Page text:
Case Law Details

Case Name : Re. SEPCO III Electric Power Construction (AAR Delhi)
Appeal Number : A.A.R. No. 1008 of 2010
Date of Judgement/Order : 31/01/2012
Related Assessment Year :
Courts : Advance Rulings (181)

In Re SEPCO III Electric Power Construction (AAR) – The applicant is a company incorporated under the laws of China on 26.3.2009. The applicant, among other things, is a supplier of equipments for Electric Power Projects. On 26.3.2009, the applicant entered into a contract with M/s Jhajjar Power Limited, for supplying of equipments for the Haryana Power Project.

That contract was amended and restated on 1.6.2009. According to the applicant, it is an off-shore supply contract requiring the applicant to carryout design, engineering, procuring and transportation to the port of loading of the equipment for a coal fire power station built for the Indian company. According to the applicant, the payment received by it for the equipment supplied under the contract are not taxable in India under the Income-tax Act since the supply of material was outside the territory of India. It has also claimed that   under the India-China Double Taxation Avoidance Convention no tax can be levied on it in India. It is in that context that the applicant came up with this application for an Advance ruling on the taxability or otherwise of the payment received by it under the contract.

On a perusal of the terms of the contract and the conduct disclosed by the Bill of Lading, the Bill of Entry and the taking of transit insurance that this would be an offshore sale in the light of the decision of the Supreme Court in Ishikawajima¬Harima Heavy Industries Ltd. referred to earlier. The argument of the Revenue that the transaction must be taken as one and indivisible and the liability to tax should be determined on that basis, cannot be accepted in the light of the decision of the Supreme Court. The effect of the above decision of the Supreme Court is that the Income-tax Authorities under the Act have no jurisdiction to tax the payment made outside for these supplies taking place outside the country. Relying on the decision of the Supreme Court, we overrule the objection raised on behalf of the Revenue.

We therefore rule on the question posed, that the amounts received/receivable by the applicant from M/s Jhajjar Power Ltd. for off-shore supply of equipments in terms of the contract dated 1.6.2009 is not liable to tax in India under the provisions of the Income-tax Act, 1961, in view of the decision of the Supreme Court in Ishika Wajima Harima Heavy Industries Ltd [2007] 228ITR408. We clarify that the ruling relates only to off-shore supplies.

AUTHORITY FOR ADVANCE RULINGS (INCOME TAX)
NEW DELHI

31st Day of January, 2012
Application No. 1 of 2011 In A.A.R. No. 1008 of 2010

Name & address of the applicant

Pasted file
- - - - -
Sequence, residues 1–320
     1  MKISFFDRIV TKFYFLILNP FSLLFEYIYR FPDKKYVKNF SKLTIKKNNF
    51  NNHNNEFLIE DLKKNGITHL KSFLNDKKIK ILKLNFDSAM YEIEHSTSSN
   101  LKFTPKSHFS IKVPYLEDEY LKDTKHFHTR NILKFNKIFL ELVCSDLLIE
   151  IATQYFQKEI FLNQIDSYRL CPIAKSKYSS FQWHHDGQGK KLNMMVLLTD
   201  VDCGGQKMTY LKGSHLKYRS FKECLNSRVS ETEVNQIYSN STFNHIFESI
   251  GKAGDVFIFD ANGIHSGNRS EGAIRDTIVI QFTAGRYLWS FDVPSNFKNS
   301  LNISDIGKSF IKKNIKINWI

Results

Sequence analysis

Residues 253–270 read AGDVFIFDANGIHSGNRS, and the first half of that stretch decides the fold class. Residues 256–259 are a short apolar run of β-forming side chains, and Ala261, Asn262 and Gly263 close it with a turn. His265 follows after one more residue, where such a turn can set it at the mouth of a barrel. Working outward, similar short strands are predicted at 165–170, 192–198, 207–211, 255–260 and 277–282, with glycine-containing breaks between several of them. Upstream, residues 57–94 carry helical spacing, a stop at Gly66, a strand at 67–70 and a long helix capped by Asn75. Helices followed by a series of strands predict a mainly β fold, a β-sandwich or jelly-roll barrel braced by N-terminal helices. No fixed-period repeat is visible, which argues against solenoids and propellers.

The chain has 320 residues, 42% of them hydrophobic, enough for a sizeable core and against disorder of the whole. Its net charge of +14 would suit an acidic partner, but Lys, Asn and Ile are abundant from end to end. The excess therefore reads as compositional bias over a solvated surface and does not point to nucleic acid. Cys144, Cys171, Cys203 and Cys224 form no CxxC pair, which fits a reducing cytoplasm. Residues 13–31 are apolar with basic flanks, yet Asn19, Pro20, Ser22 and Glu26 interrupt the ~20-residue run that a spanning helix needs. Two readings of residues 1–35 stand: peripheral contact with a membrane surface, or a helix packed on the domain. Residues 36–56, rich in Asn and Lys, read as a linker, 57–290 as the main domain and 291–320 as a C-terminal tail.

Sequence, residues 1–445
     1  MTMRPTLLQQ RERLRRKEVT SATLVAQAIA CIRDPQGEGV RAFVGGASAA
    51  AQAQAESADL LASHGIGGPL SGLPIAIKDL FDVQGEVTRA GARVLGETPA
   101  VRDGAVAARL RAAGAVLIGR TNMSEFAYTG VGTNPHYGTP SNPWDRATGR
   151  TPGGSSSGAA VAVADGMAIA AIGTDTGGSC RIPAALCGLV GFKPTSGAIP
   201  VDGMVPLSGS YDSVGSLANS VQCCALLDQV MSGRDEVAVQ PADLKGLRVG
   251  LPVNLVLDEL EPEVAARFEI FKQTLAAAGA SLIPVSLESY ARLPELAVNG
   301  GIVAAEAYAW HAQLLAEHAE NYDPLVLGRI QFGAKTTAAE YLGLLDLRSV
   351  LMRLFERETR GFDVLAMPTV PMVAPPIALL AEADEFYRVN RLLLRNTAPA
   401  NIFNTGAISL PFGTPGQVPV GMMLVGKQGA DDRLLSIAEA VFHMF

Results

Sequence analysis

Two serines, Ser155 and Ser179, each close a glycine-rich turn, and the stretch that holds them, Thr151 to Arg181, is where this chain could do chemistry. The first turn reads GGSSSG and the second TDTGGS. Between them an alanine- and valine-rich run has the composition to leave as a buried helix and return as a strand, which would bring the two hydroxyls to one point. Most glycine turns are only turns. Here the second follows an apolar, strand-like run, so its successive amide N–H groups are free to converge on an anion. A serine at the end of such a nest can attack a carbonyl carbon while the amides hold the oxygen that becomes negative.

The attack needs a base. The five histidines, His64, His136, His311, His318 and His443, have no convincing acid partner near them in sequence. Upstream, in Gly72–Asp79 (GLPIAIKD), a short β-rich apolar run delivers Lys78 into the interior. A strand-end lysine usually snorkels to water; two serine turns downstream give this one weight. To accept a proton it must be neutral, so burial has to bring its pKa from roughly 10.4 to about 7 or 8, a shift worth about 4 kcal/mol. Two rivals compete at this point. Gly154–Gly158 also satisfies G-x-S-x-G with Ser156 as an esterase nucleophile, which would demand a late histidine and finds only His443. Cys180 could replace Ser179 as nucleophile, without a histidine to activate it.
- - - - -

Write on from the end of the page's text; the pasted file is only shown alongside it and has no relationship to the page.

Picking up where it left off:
SEPCO III Electric Power Construction

Corporation No 201, Yuqing East Street,

Weifang, Shandong-261031, China

RULING

The applicant is a company incorporated under the laws of China on 26.3.2009. The applicant, among other things, is a supplier of equipments for Electric Power Projects. On 26.3.2009, the applicant entered into a contract with M/s Jhajjar Power Limited, for supplying of equipments for the Haryana Power Project. That contract was amended and restated on 1.6.2009. According to the applicant, it is an off-shore supply contract requiring the applicant to carryout design, engineering, procuring and transportation to the port of loading of the equipment for a coal fire power station built for the Indian company. According to the applicant, the payment received by it for the equipment supplied under the contract are not taxable in India under the Income-tax Act since the supply of material was outside the territory of India. It has also claimed that   under the India-China Double Taxation Avoidance Convention no tax can be levied on it in India. It is in that context that the applicant came up with this application for an Advance ruling on the taxability or otherwise of the payment received by it under the contract.

The Revenue raised an objection that proceedings for the assessment of the applicant were pending before the concerned Income-tax Officer even before the applicant approached this authority for an advance ruling. By our order dated 25.08.2011 we over-ruled that objection and found that there is no impediment under section 245R(2) of the Act in considering the application for a ruling under section 245R(4) of the Act. We, therefore, allowed the application and framed the following question for a ruling,

On the facts and circumstances of the case, whether the amounts received/receivable by SEPCO III, China from JPL India for Offshore supply of Equipments, under Offshore Supply contract No.JHA/SEP/F/15/0027 dated 1st June, 2009, are liable to tax in India under the provisions of the Income-tax Act, 1961 (‘Act’)?